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Cedar Rapids, Iowa 52401
IOWA CITY — Iowa is looking for a kick returner.
With the departure of Ihmir Smith-Marsette, and return of punt returner Charlie Jones, punter Tory Taylor, kicker Caleb Shudak and other young, but experienced players on special teams, that’s the one void special teams coordinator LeVar Woods said was left to fill back in April.
“We’ve got a deep pool of candidates we feel good about,” Woods said during a news conference this spring. “We have some talented ball carriers: (juniors) Tyrone Tracy and (Tyler) Goodson, (seniors) Charlie Jones, Nico Ragaini and Max Cooper. (Freshmen) Arland Bruce IV and Keagan Johnson are some younger guys who have done a really good job so far.”
Jones, Woods said, has the starting spot returning punts, but he has tested Tracy at the position also. Jones, who stated his interest in contributing more offensively as a wide receiver, was an honorable mention All-American and first-team All-Big Ten return specialist by Phil Steele, and was atop the Big Ten in both total punt return yards (223) and yards per return (10.5 yards), where he ranked No. 5 and No. 11 in the nation respectively.
Cooper and Ragaini also have in-game experience returning punts. Ragaini averaged 10.7 yards on nine returns in 2019. Cooper also returned five punts that year.
A key gunner for the special teams will be junior defensive back Terry Roberts, who was mentioned multiple times this spring by Woods, defensive coordinator Phil Parker and Iowa head coach Kirk Ferentz as a potentially impactful player on both special teams and defense. Roberts ranked No. 4 in the Big Ten last year in recovered fumbles, which stood at No. 11 nationally.
“The growth and maturity I've seen in him (Terry Roberts) over the last six months, is out of this out of this world,” Woods said. "The other day, we give him a break on some reps, and he's out there coaching. He looks and sounds like a football coach, talking to the younger guys, the freshmen, on some of the things we're doing as a gunner.“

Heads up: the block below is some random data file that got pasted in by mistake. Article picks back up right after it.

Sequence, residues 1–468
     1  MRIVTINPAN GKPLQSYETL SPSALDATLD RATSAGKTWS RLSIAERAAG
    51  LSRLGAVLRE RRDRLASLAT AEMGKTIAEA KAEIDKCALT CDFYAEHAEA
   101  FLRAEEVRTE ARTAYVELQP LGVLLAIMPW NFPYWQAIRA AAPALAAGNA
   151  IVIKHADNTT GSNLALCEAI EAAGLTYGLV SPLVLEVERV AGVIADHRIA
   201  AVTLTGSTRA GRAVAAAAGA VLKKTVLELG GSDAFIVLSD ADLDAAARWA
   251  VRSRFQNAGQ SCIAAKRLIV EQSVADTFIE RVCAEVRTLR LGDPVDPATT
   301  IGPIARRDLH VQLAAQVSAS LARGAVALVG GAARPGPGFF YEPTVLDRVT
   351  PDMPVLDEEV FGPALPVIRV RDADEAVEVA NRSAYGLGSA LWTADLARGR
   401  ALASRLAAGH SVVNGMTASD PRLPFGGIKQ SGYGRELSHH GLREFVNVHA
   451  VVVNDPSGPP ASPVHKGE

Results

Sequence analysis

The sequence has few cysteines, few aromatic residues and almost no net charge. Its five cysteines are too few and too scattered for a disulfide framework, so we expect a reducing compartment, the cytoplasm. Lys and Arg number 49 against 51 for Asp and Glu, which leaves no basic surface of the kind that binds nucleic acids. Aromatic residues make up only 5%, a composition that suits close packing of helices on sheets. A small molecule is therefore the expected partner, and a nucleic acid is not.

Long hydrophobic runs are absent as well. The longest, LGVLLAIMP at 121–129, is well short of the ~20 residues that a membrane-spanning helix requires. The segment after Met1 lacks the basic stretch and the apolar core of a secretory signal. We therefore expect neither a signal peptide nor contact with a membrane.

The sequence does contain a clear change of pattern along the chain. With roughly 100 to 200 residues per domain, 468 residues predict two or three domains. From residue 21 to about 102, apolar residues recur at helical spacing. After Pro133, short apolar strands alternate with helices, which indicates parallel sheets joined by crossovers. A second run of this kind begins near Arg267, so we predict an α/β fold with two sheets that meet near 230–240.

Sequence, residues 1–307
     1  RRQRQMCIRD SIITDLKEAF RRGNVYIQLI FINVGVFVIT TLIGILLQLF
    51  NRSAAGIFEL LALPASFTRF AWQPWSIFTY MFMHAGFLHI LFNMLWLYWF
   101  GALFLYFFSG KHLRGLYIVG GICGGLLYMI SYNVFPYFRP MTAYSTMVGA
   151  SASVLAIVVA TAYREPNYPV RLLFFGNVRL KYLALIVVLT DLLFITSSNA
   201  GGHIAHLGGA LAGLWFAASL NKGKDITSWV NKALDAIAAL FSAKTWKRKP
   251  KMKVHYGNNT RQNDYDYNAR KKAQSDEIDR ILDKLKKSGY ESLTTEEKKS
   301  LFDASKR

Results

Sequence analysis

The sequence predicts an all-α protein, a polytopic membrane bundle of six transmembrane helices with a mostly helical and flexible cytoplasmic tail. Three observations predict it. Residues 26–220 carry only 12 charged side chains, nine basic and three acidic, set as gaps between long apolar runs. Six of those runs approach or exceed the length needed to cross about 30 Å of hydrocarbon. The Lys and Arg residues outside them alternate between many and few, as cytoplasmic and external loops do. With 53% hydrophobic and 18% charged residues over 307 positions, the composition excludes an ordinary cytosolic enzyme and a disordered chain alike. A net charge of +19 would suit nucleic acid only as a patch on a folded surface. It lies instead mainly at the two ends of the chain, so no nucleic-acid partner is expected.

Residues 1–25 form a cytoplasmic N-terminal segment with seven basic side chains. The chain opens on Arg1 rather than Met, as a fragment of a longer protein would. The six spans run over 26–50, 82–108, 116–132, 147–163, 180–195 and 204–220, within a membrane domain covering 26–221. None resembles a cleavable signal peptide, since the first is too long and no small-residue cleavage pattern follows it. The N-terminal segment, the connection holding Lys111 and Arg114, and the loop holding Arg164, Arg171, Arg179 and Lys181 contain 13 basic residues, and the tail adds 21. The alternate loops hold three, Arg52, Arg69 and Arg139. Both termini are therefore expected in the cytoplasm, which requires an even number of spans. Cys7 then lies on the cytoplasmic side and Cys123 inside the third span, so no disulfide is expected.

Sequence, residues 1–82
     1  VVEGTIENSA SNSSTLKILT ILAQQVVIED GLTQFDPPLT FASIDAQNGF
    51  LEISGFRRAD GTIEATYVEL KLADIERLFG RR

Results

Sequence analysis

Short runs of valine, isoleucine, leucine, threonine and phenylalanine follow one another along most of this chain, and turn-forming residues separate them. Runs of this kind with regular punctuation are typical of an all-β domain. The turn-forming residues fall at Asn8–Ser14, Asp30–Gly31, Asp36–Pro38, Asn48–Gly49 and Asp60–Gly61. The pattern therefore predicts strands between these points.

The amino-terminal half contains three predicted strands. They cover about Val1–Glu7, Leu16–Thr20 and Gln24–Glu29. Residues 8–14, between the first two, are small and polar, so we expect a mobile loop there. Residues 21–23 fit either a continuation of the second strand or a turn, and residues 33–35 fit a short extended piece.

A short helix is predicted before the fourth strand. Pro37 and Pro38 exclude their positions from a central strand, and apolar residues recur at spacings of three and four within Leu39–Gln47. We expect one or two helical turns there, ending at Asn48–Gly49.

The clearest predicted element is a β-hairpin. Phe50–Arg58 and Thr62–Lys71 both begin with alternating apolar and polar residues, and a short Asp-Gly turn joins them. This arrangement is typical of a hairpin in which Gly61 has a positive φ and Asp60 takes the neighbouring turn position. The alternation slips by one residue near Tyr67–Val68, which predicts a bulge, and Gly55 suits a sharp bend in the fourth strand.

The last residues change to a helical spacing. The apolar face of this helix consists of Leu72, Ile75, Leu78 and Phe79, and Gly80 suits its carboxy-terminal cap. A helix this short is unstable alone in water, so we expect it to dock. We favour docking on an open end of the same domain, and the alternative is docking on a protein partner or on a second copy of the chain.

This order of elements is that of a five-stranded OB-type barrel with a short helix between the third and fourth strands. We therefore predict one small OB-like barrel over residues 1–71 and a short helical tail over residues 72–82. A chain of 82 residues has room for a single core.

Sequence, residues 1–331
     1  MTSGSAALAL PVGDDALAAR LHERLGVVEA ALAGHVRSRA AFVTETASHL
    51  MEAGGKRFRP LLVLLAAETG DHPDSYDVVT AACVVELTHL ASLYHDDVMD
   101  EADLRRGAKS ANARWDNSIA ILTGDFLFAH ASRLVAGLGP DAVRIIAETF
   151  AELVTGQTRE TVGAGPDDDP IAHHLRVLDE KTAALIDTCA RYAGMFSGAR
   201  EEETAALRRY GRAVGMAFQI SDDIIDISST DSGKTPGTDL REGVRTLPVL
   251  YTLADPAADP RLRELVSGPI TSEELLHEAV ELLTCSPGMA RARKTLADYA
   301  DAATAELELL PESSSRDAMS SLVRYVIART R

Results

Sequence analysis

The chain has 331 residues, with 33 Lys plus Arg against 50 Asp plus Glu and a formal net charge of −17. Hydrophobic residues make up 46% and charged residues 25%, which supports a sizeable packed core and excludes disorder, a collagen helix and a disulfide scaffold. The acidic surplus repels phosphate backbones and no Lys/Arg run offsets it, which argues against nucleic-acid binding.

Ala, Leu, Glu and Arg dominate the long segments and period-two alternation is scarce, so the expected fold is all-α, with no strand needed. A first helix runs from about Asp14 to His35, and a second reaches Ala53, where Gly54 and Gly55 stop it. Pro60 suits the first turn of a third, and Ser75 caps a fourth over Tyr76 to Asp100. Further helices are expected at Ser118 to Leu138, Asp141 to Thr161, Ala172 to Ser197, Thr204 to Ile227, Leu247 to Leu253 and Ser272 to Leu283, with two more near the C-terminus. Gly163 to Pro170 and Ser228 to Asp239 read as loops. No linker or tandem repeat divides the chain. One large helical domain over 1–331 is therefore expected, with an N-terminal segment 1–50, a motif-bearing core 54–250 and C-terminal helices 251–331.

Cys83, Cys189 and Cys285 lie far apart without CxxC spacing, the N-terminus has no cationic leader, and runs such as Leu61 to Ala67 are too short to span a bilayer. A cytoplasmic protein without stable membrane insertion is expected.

Iowa also returns the Big Ten Punter of the Year in Taylor, who is only looking to get better this offseason by perfecting the spiral punt. Taylor averaged 44.1 yards per punt last season.
But part of his growth was also learning how to play football.
“I'd never really played the game before,” Taylor said this spring. “So I was kind of thinking like: can I do this? I think like the biggest thing for me was now that I know that I can do it, it's more so just about like improving and getting better.”
Shudak, who enters his sixth year on the team, will assume the role as starting place kicker. After the spring game in May, he said that his longest field goal made in fall practice was 58 yards, while this past spring he knocked a 56-yarder for fans to see during the open practice.
He also has kicking genes — his dad, Jeff Shudak, kicked for Iowa State from 1987-1990. Jeff was at the top of the Big 8 during his freshman year, converting all 17 of his field goals attempts. He collected 266 career points on a 73.6% field goal percentage through all four years.
Now it’s Caleb’s turn after years of competition behind Keith Duncan and Miguel Recinos, who have both made their mark on the Big Ten.
“I started on the ground, playing soccer,” Shudak said. "Then it kind of just grew into something where I was like: ‘Well, I'm not too bad at this.’ My dad knew so much about it that it helped me push me to get to a higher level than I ever thought I’d get to.“
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